Sharp exterior corners and tearout (M and N lettering)

I’m having some fairly consistent issues with tearing out, particularly very sharp external corners. 90 degree corners are pretty decent, but it’s the extreme angle ones such as the peaks of “M” and “N” when pocketing the letters out.

It’s happened quite a bit, various bit sizes/types, fonts, whatever. Not sure what the deal is.

The only consistent factor is Easel/X-Carve. I haven’t tried any other CAM tool to generate the letters.

Today it happened again and decided I needed to see if I can get some answers.

I was using “Homestead” font native to Easel, letters at about 2.6" high. Stock spindle (yes, I know…), 0.0630 straight 3 flute bit.

Red Oak, .014 depth/pass, 30 IPM. Total depth of the letters were .023"


Can you post a photo?

I’ll try tomorrow when I go back down to the shop again with a camera.

I wonder if it’s just me and lack of design skills regarding machines. Is there just a “too thin” of an area (probably dependent on material) that just isn’t ever going to withstand cutting on both sides?

Here’s a link for anyone who want to see the original:

It was the (mostly right) peak of the M that was tore out, though the left peak had some issues as well.

I noticed a lot of this on the birch ply I was using, but I kind of attributed some of that to the depth of the cut being so close to the depth of glued layer of ply that it tore off the top layer because the glue wasn’t strong enough.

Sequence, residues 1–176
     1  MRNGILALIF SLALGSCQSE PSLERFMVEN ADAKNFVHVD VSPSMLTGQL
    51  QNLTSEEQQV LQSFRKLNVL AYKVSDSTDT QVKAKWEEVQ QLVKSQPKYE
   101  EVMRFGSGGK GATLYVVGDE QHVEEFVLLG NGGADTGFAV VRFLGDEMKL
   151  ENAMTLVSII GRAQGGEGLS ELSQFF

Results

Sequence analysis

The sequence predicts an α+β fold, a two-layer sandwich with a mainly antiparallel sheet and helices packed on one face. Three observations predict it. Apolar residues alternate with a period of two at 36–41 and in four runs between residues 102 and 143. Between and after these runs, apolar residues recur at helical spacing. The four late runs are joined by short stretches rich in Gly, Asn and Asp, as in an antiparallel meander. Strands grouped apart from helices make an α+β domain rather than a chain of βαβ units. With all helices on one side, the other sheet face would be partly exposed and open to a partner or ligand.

Just a guess here but it might be that the IPM is high for detailed corners. It could be that your bit (which is the one I would probably use to reduce tear-out) is just hitting these corners a little too fast.

I had this same issue when working on some letter inlays and noticed the tips of sharp corners were tearing or breaking off… after slowing down the IPM I go much better results.

Thanks @sketch42 - that’s a lot like what I’m seeing,

I’ve carved a few whale tails and most of them suffer the same outer pointy-bit chipping off as well.

Guess I’m going to have to get this 2 stage cut thing working, because I can’t slow down my machine too much more and actually get much done. :smile:

I would experiment with a down spiral bit with multiple flutes. The more flutes the less you will have to reduce your speed. If you only have upcut spirals, try the bit with the most flutes. It shoudl make a difference. You should also download the trial of V-Carve - you’ll be amazed what the right software can do for you.

See the right side “peak”:

Close up of that angle: Whale tail broken tip:
Other side/not broken:

Two more from a bear I was carving. This in 1/8 ply…

I have given up trying to mill plywood, I have never been able to make clean cuts in it.

For the plywood you may want to give a down cut bit a try. It presses down into the material as it cuts.
This is to keep it from lifting and tearing plywood and veneers. But it does not pull the chips out of the cut as well so you may want to do a shallower cut depth or follow along with a shop vac for the narrower cuts.
(here is an article explaining the difference)